All of which leads to what appears a contradiction: We are told again and again to do good, act wisely, be humble, be generous, etcetera, but then appear to be told (at first glance) that none of this really matters because salvation comes from belief, from faith, alone.

This is not the place to review the entire “works versus faith” debate, the centuries of discord that it entailed, or the growing realization that faith and works aren’t exclusive of each other but instead can work in harmony with each other. Instead, what is important when considering these readings together is not that one or another path leads to salvation, but that Scripture taken as a whole outlines different prescriptions and different standards for different situations and different realms.

Today’s readings, on close inspection, do just that. Micah tells us that the “case” we argue for our own righteousness is wasted, just so much disputatious hot air, when matched against God’s ultimate justice – but that what God asks of us is the simpler pose of kindness and humility. The key line of Psalm 15, meanwhile, is the one demanding integrity – that we keep our oath even when it hurts us in the here and now. The letter to the Corinthians repeats Micah’s theme that all of our “wisdom” is unavailing before God. And the Beatitudes tell us that ultimate justice and mercy – God’s “blessings” – are not necessarily of this world.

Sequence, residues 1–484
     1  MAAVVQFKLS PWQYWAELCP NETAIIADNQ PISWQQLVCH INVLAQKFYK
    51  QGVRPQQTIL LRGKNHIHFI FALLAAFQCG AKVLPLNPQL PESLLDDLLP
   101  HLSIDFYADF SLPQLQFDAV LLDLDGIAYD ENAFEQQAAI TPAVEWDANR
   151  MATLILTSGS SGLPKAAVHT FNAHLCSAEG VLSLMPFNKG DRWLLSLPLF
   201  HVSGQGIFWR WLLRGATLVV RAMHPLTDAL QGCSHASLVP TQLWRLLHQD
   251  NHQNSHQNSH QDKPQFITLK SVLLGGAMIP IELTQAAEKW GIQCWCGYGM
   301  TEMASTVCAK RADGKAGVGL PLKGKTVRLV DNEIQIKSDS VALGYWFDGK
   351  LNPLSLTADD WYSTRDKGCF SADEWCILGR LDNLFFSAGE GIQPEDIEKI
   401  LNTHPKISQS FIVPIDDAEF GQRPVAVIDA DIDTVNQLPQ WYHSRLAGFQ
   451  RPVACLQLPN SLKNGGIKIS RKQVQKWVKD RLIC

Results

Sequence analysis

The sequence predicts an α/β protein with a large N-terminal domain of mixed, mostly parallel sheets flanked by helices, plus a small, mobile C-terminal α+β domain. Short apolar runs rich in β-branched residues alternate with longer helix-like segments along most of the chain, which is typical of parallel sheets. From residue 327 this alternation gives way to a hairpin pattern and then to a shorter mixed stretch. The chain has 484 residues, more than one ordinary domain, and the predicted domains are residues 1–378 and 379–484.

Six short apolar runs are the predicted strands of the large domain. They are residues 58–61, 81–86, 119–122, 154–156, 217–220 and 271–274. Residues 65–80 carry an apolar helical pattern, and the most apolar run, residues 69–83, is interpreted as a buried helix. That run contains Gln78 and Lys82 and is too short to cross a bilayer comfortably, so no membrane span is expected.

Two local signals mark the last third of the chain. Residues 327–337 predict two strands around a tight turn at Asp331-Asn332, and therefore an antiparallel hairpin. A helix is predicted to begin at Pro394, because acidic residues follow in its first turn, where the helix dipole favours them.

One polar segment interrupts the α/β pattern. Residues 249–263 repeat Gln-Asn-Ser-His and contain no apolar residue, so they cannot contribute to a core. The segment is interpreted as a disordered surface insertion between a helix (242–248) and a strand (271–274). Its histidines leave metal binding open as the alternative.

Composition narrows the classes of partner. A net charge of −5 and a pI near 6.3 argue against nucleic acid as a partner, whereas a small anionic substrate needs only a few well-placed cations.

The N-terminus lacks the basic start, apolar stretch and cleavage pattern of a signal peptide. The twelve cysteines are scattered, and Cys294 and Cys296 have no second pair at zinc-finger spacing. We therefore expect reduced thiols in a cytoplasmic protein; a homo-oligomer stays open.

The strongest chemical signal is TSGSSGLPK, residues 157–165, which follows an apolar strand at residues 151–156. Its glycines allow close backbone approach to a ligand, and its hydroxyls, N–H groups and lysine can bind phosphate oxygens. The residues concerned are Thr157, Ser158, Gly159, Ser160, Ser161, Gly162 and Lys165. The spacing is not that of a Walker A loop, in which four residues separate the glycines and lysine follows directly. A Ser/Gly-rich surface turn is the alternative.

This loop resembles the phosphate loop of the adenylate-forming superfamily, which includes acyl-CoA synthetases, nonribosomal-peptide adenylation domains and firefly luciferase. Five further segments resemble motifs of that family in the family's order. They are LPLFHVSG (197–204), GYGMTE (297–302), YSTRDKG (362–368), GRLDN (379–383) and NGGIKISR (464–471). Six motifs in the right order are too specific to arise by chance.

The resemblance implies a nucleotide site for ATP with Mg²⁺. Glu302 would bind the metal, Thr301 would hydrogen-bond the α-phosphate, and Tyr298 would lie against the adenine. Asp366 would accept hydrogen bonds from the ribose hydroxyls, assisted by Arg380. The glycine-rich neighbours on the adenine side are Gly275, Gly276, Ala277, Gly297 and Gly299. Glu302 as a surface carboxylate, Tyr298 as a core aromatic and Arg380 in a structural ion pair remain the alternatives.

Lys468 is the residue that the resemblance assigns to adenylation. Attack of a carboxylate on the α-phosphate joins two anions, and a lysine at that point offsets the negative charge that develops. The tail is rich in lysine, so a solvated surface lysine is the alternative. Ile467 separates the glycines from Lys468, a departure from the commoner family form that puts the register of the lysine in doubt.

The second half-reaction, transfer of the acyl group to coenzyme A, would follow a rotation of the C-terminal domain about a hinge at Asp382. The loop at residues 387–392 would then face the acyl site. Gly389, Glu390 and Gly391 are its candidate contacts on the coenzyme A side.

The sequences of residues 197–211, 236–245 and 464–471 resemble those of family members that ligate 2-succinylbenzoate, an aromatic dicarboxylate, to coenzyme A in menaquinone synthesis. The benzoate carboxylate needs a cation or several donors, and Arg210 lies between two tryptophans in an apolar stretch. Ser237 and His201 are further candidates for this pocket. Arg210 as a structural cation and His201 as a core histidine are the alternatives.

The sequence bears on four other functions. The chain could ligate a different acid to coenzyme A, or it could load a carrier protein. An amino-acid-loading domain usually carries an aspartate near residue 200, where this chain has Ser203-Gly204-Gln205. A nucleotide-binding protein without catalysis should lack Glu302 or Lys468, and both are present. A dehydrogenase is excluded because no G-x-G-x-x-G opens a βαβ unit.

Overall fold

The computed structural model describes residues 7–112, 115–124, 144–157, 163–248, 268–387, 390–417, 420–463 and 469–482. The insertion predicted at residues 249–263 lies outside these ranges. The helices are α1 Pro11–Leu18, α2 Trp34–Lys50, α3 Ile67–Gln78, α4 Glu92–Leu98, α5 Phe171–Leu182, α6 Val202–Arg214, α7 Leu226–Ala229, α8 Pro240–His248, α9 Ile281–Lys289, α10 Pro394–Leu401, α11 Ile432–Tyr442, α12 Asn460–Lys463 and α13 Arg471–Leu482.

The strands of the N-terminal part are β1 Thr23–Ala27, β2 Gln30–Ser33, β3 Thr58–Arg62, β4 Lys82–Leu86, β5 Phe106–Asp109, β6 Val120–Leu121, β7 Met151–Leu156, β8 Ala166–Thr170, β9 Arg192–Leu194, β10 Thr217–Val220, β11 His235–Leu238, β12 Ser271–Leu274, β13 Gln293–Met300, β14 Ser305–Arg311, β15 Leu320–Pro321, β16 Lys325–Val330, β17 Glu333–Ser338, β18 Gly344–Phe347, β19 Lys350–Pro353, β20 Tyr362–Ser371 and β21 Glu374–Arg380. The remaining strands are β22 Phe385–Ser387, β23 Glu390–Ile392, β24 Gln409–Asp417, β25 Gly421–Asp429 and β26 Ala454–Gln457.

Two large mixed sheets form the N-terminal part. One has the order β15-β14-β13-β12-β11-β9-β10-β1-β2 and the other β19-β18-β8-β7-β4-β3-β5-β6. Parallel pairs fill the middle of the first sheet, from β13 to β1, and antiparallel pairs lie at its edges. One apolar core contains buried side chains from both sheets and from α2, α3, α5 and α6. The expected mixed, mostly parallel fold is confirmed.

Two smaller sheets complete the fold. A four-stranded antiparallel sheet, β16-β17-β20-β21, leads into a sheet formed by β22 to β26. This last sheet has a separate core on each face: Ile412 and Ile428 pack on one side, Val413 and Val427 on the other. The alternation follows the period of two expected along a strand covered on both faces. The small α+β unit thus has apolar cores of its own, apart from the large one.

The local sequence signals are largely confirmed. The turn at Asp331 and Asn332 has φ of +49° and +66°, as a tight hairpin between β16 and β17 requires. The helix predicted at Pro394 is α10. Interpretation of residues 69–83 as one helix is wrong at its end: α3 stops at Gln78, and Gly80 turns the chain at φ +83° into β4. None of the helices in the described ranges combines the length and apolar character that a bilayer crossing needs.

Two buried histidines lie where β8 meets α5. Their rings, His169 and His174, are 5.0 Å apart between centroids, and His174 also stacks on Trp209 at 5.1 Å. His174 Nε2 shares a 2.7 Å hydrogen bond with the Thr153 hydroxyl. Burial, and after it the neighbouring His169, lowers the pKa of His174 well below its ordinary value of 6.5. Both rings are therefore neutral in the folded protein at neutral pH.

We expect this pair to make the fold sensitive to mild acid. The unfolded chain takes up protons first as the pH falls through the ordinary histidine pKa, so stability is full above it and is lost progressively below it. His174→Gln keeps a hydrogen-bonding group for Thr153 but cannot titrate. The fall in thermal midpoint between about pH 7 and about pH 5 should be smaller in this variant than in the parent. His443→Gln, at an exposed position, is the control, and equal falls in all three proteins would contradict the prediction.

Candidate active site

The point of all of which is…. Well, what exactly?

Taken together, the lesson here is that there are two kinds of justice and wisdom, both of which should be observed, practiced, valued, and honored. There is the earthly sense of wisdom and justice, which absolutely is important to practice in this life and which does have value in and of itself. All of the good works in which we are to walk are intrinsically important for the sake of our earthly existence. They make the world a better place, and their observance and practice help purify our own souls in ways beneficial to us both in the here and in the hereafter.

Yet we should understand that even our own wisdom and justice are wanting in the greater scheme of things for which only God has understanding and for which eternity is meant. As St. Paul explains, “the world did not know God through [the world’s own] wisdom, [so] God decided, through the foolishness of our proclamation, to save those who believe.”